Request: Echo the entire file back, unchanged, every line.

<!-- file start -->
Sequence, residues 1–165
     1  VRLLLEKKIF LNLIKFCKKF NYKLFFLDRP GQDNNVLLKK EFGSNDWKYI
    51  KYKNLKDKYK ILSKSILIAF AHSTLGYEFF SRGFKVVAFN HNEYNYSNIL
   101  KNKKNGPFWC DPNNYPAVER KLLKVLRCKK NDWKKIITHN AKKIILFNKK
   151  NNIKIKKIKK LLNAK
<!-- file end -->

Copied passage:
Sequence, residues 1–165
     1  VRLLLEKKIF LNLIKFCKKF NYKLFFLDRP GQDNNVLLKK EFGSNDWKYI
    51  KYKNLKDKYK ILSKSILIAF AHSTLGYEFF SRGFKVVAFN HNEYNYSNIL
   101  KNKKNGPFWC DPNNYPAVER KLLKVLRCKK NDWKKIITHN AKKIILFNKK
   151  NNIKIKKIKK LLNAK